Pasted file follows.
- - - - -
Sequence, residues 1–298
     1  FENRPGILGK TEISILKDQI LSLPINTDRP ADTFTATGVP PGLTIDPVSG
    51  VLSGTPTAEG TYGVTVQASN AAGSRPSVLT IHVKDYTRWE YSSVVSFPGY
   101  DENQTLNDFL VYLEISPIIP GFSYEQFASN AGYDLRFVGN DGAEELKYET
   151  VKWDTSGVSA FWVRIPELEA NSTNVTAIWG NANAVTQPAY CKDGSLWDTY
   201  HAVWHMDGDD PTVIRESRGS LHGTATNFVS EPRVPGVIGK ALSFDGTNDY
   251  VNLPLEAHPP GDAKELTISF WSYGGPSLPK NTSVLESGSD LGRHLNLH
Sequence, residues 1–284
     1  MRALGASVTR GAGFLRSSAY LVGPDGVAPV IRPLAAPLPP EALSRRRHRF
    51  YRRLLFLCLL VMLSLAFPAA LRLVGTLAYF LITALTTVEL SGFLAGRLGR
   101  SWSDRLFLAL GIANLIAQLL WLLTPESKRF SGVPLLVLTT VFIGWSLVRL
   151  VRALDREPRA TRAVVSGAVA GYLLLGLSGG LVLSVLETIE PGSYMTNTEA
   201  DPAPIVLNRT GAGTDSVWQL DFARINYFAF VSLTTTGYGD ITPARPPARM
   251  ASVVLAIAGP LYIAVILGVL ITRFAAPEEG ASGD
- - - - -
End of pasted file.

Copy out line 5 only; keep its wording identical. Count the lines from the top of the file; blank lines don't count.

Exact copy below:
   151  VKWDTSGVSA FWVRIPELEA NSTNVTAIWG NANAVTQPAY CKDGSLWDTY